baseball game played at Soldiers' Field,
gives a new and picturesque view or
the sidelights of the contest as seen by
'At the crisis in the fortunes of the
game, .the spectators take a collective
and important part. The athletic com
mittee appoints a 'cheer leader for the
occasion. Every five or 10 minutes this
man. a big, fine figure in white,
springs out from his seat at the foot
of the stands, addresses the multitude
through a megaphone with a 'one!
two! three!' hurls it aside, and .with a
wild flinging and swinging of his body
and arms, conducts 10,000 velces" In the
Harvard Veil. That over, the game pro
ceeds, and the cheer leader sits quietly
waiting for the next moment of peril
or triumph. I shall not easily forget
that figure, bright in the sunshine,
conducting with his whole body, pas
sionate, possessed by a demon, bound
ing in the freiusy of his inspiration
from side to side, contorted, rhythmic,
esctatic. It seemed so wondorfully
American, in its combination of en
tire wildnesM and entire regulation,
with the whoM just a trifle fantastic.
"Completely friendly and befriended
as I was, I couldn't help feeling at
moments very alien and very, very old
even more so than after the pro
tracted game had ended In a victory
fnr Hoi-i-jrrt iirhpTi the dustv Dlain was
1 filled with groups and lines of men
dancing in solemn harmony, ana a
shouting crowd broken by occasional
individuals who could find some little
eminence to lead a Harvard yell from,
and who conducted the bystanders, and
then vanished, and the crowd swiriea
NOTICE OP ANNUAL MEETING.
The regular annual meeting of the
Stockholders of the El Paso Bank and
Trust Company will be held at its Bank
ing Office, in the City of El Paso,
Texas, on the 8th day of January, 1914,
at 2 o'clock in the afternoon for the
election of Directors for the ensuing
year, and for the transaction of such
other business as may properly come
before the meeting.
A. K. Kerr,
Lee II. Crews,
5UANER5 W06LY DEPT
Willard Is Big And Strong
Enoughtlo Beat AM Heavies
White Hope, After a Miser able Showing, Demonstrates
Some Class by Knocking Out Boer. Rodel;. Griffiths
in Temple Match Shows Clever Left; Carpen-
tier Shows Signs of Overconfidence.
BY T. S. ANDREWS.
DESPISE Yoy .'
MHBN 0OBS A MAM
E!6H T fAOST t
HH&H H&'S HEAVIEST1
Hchu Does THAr
18& pi fa1 'to - dA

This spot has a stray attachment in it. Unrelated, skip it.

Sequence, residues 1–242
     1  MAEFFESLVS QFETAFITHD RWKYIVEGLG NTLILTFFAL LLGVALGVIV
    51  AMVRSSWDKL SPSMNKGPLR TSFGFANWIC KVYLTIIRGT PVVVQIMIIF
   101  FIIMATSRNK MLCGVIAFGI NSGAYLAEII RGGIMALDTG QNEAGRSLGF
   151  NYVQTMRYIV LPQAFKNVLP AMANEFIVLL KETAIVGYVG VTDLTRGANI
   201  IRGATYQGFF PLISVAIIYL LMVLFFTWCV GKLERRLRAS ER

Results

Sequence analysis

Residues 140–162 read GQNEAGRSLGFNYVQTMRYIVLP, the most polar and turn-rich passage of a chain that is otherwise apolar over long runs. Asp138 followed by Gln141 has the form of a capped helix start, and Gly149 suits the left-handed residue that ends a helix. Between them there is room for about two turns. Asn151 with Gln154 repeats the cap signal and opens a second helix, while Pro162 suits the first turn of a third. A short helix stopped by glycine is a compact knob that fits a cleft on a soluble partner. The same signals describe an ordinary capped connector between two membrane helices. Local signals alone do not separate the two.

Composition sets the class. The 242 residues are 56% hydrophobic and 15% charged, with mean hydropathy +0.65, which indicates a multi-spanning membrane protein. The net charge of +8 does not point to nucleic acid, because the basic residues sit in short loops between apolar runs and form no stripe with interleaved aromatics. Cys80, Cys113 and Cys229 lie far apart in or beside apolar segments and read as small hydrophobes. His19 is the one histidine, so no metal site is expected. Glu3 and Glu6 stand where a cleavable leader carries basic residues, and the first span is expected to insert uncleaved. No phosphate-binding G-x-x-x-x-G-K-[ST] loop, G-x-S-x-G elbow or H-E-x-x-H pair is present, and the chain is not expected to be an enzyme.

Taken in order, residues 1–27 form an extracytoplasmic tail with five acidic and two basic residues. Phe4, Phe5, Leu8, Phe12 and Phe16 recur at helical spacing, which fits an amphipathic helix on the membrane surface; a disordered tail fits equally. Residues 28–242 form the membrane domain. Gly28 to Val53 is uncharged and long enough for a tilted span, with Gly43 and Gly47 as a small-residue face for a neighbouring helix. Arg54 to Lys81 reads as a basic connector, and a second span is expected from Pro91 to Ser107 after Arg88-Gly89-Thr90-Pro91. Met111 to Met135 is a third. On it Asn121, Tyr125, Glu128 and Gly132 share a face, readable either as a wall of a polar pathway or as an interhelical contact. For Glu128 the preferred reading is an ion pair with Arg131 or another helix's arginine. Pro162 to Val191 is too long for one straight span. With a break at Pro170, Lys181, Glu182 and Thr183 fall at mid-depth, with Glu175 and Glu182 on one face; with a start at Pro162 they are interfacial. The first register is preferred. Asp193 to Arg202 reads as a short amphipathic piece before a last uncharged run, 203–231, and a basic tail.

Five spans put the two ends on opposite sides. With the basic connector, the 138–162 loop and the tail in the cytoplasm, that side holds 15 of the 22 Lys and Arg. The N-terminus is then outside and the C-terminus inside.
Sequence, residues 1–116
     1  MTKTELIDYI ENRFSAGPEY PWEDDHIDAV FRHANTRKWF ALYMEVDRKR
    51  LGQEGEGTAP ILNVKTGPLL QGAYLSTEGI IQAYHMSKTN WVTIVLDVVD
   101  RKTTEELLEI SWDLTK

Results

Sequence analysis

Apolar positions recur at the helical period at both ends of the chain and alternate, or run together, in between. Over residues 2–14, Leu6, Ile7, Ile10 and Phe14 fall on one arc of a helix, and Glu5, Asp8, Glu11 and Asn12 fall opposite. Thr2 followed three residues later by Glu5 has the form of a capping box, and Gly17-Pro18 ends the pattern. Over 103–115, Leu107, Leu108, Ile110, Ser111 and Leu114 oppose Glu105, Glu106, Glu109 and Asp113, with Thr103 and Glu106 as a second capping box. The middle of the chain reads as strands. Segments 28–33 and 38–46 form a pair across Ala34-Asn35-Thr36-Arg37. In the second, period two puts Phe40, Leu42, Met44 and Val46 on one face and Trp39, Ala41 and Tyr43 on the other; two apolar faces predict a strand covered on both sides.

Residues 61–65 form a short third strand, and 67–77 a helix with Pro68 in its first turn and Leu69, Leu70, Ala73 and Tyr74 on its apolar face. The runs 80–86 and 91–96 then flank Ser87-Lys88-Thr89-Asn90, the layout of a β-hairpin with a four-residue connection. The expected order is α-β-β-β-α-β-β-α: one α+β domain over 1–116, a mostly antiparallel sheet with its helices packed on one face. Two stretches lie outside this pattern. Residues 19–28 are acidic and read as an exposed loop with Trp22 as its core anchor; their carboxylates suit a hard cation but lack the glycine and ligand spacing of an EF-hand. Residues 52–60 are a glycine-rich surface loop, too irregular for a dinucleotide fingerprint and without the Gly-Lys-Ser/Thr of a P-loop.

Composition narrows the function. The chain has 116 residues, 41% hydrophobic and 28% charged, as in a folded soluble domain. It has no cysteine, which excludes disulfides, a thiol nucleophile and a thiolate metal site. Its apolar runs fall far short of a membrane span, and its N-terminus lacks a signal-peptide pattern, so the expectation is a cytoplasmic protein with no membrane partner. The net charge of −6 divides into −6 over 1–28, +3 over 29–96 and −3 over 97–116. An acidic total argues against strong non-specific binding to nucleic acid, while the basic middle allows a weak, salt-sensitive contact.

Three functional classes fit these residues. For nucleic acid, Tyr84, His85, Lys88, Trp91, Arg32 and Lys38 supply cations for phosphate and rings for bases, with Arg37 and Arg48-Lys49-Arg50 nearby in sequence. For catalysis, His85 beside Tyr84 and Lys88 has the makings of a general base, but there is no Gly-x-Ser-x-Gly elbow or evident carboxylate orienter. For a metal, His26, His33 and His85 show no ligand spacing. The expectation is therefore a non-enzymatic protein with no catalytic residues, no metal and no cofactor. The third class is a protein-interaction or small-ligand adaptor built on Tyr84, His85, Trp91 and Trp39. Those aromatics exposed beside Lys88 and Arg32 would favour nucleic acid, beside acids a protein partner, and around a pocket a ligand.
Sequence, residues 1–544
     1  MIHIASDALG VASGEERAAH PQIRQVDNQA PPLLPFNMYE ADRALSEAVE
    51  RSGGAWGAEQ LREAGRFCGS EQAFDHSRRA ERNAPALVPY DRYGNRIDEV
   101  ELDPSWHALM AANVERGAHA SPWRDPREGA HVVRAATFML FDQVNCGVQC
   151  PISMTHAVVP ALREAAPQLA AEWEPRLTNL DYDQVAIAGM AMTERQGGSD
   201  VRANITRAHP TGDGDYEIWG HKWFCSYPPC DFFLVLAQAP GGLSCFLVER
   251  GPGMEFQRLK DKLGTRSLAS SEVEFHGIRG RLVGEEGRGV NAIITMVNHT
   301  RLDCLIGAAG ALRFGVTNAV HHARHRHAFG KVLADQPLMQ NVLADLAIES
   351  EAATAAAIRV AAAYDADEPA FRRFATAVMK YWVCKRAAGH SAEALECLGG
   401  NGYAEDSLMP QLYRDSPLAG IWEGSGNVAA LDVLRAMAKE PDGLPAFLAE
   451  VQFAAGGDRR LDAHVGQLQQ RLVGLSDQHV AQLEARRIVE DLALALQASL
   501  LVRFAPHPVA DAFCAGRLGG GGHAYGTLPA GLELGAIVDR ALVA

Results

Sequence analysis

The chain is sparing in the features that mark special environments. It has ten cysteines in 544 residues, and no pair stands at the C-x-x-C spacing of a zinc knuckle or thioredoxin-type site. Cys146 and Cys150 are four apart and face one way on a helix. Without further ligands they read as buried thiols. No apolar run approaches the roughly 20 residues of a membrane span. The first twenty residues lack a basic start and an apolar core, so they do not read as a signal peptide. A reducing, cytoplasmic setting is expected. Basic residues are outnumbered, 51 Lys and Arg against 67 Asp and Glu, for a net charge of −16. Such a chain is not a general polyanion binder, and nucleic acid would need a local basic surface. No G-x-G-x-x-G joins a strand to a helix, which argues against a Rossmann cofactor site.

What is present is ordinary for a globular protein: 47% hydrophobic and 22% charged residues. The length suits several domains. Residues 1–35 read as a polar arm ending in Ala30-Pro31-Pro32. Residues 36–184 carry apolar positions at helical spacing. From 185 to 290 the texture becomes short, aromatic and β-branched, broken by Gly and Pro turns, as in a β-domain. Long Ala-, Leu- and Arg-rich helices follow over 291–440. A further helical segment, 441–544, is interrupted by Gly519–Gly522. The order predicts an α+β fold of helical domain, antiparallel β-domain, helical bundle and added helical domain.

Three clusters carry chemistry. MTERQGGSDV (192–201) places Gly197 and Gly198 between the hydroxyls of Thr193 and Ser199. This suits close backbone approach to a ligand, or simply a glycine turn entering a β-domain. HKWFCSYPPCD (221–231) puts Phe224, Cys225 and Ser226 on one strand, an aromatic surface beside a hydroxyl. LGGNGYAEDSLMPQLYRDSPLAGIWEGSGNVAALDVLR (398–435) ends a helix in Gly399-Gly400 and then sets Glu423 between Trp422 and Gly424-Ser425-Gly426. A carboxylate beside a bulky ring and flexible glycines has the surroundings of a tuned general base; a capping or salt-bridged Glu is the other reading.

FR01 Jmm9i, THE GT.
WHAr HAS &GHT
ILWAUKEE, "Wia. Jan. t. Johnny
Griffiths, the- Akron. Ohio, light
weight, in his fight with Ray Tem
nle. the local Uehtweight, here this
week, demonstrated that he has a great
left hand, as fast. If not faster, than
Charlie White, of Chicago, although he
does not hit quite so straight out with it
as White does. He is a splendid boxer and
feints his man well before letting go with his
left. He also has a fine straight right
blow to the body when be wants to nse it
and a good short right uppercnt He Is
one of the nervow kind of 'boxers, the same
as Kid McCoy and Jim Corbett when they
were at their best and he does not back
away from mixing when -he gets in close.
It is no wonder that some of the
followers around Ohio have been sing
ing Johnny's praises, for he is cer
tainly a classy boy and one who
should do better. Temple has met
many of the cleverest fighters in the coun
try and has outpointed many of them.
Johnny beat Temple at his own game
cleverness and had the best of the 10
round' contest, having seven of- the 10
rounds to his credit.
WlHard Gets Real Match.
Jess Willard. the big white hope, who
has made some miserable showings about
the country the last few months, got into
a real match this week at New Haven,
Conn., and knocked out George Rodel, the
Boer champion, in the ninth round. When
these men met in Milwaukee a few months
ago Rodel outfought the big man and won
handily. He never gave the white hope
a chance to get started, beating him to
the punch every round. Only once did
willard nit tne uoer ana ne nurt him. bat
the latter recovered quickly and kept beat
ing him to the punch after that At New
Haven Willard put Rodel down in the fifth,
eighth and ninth rounds and seemed to
have him beaten throughout, using rongh
tactics which would not have been toler
ated in the Milwaukee ring. Willard is
surely big and strong enough to beat all
Carpentler Too Self Important.
It looks as though Georges Carpentler, the
French champion, is going to make thfa
same mistake that j. great many other
white boxers have made in the past Car
pentler, after his defeat of Bombardier
Wells in London, beoame imbued with the
idea that he was almost invincible an.
ready to tackle any heavyweights in thfc
business. Joe Choynski, one of the great
est fighters who ever put on a glove was
in the same frame of mind and went out